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0141 Notes on Marco Polo : vol.2
Notes on Marco Polo : vol.2 / Page 141 (Color Image)

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doi: 10.20676/00000246
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243. GIORGE   737

II, 232, 348), and Marignolli's « Gyon », simply reproduce the traditional rr1c:)v of the Septuagint. Although the Jihûn, the Fri6iv of the Septuagint, one of the four rivers which issued from Paradise, has been given in the Middle Ages the most fantastic courses, it is certain that Polo uses the name, in the Mussulman fashion, as the designation of the Oxus, or Amù-daryâ (cf. for instance the course of the Jihûn in Ya'qùt, trad. BARBIER DE MEYNARD, Dict. Géogr., 183-184). Hethum gives the Oxus the name of another of the four rivers of Paradise, « Phison ». On the various conceptions of the Gion and the Phison, see « Quian » and cf. HALLBERG, 222, 387, 405; Y1, III, 222. Polo says that the Gion, i. e. the Oxus, falls into the Caspian Sea, and there he is in agreement with most of the mediaeval maps. I shall not enter here into the examination of the changes in the course of the Oxus either towards the Aral Sea or towards the Caspian. The last monograph on the subject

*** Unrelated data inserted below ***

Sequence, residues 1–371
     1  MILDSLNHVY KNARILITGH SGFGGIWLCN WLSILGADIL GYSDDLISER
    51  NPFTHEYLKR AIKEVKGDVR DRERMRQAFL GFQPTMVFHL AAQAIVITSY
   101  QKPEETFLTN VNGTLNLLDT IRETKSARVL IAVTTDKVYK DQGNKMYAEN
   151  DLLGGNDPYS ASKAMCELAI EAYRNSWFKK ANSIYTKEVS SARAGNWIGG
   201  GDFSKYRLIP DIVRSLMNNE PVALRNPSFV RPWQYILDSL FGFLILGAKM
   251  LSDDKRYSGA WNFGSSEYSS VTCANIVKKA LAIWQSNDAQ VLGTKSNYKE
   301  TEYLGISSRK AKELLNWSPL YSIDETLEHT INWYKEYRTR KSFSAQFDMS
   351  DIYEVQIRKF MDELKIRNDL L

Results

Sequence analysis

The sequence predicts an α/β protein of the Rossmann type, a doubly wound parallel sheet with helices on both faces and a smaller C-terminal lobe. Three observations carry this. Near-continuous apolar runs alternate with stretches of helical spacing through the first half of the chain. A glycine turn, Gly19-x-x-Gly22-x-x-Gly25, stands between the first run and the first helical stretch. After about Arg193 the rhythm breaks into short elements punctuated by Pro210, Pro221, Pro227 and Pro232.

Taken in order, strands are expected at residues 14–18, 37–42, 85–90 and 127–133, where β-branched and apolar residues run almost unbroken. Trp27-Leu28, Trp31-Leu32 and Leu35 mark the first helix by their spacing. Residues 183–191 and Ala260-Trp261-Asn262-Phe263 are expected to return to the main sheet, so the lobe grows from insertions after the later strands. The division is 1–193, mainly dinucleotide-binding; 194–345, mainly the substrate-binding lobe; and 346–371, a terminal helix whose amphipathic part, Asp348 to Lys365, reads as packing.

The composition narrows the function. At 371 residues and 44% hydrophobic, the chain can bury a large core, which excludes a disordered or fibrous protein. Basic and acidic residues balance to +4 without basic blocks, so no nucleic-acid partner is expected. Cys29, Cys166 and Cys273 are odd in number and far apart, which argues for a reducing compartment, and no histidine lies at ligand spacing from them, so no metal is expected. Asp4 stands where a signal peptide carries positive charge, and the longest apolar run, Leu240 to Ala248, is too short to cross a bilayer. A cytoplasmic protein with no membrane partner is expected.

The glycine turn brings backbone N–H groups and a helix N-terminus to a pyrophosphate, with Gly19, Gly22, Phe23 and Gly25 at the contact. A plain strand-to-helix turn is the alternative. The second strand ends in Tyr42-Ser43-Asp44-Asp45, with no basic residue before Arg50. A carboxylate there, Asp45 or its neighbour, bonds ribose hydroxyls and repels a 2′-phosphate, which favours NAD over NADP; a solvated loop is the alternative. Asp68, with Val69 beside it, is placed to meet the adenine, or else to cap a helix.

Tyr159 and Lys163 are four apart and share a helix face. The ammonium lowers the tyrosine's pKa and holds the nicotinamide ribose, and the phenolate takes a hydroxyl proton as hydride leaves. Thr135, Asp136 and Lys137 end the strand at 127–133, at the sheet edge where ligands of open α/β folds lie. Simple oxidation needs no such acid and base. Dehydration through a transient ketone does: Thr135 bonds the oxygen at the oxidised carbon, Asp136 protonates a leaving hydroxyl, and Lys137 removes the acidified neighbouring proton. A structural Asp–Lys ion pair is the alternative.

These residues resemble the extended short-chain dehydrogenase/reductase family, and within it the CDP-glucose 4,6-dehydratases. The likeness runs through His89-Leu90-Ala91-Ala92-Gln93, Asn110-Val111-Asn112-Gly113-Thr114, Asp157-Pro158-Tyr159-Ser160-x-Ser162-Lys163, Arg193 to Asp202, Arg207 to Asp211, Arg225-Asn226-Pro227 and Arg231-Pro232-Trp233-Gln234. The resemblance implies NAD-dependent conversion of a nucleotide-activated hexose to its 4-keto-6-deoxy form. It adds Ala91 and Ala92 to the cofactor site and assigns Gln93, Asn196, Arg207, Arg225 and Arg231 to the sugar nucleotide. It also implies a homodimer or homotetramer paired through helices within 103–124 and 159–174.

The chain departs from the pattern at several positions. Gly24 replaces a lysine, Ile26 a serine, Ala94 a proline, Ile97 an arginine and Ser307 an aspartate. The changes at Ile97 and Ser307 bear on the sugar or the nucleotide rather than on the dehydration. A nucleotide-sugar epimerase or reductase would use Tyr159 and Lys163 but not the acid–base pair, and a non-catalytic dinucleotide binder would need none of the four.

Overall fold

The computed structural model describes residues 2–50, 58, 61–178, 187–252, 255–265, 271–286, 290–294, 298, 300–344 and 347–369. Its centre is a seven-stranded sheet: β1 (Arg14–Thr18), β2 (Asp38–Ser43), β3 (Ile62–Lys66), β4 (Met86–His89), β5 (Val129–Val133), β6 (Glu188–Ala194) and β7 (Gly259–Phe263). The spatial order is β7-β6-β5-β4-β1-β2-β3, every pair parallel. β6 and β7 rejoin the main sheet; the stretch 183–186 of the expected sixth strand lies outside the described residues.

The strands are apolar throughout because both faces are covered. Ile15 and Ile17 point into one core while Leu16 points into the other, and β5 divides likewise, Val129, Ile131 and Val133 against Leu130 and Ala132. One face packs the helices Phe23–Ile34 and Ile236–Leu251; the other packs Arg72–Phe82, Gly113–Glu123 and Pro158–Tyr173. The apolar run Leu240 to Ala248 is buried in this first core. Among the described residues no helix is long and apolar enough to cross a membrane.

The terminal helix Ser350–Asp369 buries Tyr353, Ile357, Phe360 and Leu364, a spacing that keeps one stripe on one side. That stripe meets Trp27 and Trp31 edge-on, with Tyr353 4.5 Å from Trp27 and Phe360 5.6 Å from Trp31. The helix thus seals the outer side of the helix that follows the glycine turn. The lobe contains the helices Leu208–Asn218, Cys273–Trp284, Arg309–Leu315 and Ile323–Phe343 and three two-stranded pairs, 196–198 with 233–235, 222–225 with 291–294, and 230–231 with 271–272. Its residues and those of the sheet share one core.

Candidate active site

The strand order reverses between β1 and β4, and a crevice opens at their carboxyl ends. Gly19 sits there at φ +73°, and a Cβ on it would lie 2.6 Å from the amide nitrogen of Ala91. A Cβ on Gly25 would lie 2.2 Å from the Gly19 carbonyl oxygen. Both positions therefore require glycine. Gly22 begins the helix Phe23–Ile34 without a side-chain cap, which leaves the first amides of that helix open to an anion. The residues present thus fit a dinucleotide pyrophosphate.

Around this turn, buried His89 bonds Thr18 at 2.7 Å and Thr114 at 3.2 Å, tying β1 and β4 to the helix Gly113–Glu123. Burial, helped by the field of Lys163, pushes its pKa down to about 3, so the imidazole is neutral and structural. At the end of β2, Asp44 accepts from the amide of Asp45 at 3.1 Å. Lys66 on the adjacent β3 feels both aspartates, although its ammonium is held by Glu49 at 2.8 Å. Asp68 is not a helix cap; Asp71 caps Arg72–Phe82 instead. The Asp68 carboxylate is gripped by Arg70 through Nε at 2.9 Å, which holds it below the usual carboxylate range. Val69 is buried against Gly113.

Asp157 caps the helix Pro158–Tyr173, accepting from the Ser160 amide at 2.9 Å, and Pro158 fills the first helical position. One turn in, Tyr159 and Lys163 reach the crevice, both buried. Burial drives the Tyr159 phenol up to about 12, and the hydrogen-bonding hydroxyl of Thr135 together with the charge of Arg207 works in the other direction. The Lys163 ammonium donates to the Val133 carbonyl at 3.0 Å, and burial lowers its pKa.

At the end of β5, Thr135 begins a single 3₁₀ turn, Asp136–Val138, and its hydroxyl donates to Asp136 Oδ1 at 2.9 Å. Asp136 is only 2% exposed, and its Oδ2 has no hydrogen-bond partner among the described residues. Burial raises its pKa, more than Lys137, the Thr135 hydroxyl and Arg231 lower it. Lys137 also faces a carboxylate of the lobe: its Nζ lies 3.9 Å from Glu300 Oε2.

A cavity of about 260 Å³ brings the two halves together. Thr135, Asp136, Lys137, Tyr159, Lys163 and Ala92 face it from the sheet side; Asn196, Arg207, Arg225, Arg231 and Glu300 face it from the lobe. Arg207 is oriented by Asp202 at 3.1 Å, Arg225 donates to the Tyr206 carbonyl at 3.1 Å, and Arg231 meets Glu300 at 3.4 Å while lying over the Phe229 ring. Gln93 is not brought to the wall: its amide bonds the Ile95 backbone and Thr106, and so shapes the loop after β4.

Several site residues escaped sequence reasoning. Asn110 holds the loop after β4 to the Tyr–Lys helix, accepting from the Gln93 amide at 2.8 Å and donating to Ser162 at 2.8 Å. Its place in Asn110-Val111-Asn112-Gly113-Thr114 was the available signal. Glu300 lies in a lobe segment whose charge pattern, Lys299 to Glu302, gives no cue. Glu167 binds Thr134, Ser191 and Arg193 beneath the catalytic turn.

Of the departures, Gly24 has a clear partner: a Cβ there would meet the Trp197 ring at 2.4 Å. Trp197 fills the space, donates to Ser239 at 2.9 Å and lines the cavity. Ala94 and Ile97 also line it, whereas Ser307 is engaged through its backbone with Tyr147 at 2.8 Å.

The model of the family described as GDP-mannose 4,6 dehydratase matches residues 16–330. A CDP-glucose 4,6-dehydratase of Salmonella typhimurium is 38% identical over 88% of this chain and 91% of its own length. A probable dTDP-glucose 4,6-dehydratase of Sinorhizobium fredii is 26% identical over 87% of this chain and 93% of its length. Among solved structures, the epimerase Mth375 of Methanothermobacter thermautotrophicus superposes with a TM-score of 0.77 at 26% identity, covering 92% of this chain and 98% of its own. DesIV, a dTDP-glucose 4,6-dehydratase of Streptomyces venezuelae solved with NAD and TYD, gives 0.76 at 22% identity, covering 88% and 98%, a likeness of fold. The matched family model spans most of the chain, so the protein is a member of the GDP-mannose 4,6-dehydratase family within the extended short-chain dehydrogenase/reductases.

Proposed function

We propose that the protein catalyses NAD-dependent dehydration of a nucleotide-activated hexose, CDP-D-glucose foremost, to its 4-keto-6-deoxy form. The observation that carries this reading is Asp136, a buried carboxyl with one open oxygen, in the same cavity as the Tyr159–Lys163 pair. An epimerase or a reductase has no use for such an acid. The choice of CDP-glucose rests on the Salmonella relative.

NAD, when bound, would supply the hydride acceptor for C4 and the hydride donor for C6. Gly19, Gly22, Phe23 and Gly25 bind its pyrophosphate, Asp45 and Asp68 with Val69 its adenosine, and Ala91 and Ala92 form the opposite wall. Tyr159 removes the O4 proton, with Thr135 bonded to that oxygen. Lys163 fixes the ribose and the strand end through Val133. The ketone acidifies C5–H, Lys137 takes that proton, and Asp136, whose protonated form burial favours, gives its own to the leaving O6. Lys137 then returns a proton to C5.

is dlle to BARTHOLD.


georgi, jorgius Z georgio R

georgius L, P; G gieorgin, giergin V

giorge, giorgie, ior F giorgio TA1, TA3 gorge, jorgan FB gorgion LT

jeorge, jorge FA jeorgius L jorzo VA zorzi VB, VL

It is now a well established fact that Polo's « Giorge » is Prince George of the Ongüt, a Nestorian tribe then mainly settled outside the north-eastern corner of the great bend of the Yellow River, and that he was later on converted to Roman Catholicism by Giovanni da Montecorvino. His Chinese name, K'o-li-chi-ssû, represents Syr. Giwargis, « George », transcribed j6i Görgüz in Persian sources (Bl, II, 593, 605, 606, 610; not to be explained here by « blind », as is usually done). On Prince George, see principally, Y, I, 287-289; TP, 1914, 631-634; and Mo, 234-240. HOWORTH (I, 556) is absolutely wrong about the identity of Prince George. Useful material is collected in T'u Chi, 36, 3-4, and 74, 12 b-13 a. Cf. also Monumenta Serica, III, 232-256.

Prince George was killed in 1298 (cf. Oh, II, 513) while fighting against Qaidu and Dua, but that was long after Polo had left China. No text connects him with Nomoyan (see « Nomogan »), although he may have been in those parts while still very young. But the memorial devoted to him and his family by Yen Fu, preserved in Yüan wen lei, ch. 23, suggests another solution. Prince George's father, Al-buqa, really took part in Bayan's campaign after Nomoyan had been captured in 1277; he fought against Sa-li-man (Sarban), one of Nomoyan's captors; we also know that he died in the field. It is very natural for Polo, so interested in the lineage of Prester John, to have given more importance than Chinese historians to the participation of Ai-buqa in the Northern wars. And in his memory, Prince George, the Conga prince who lived while he was himself in China, has taken the place of his father.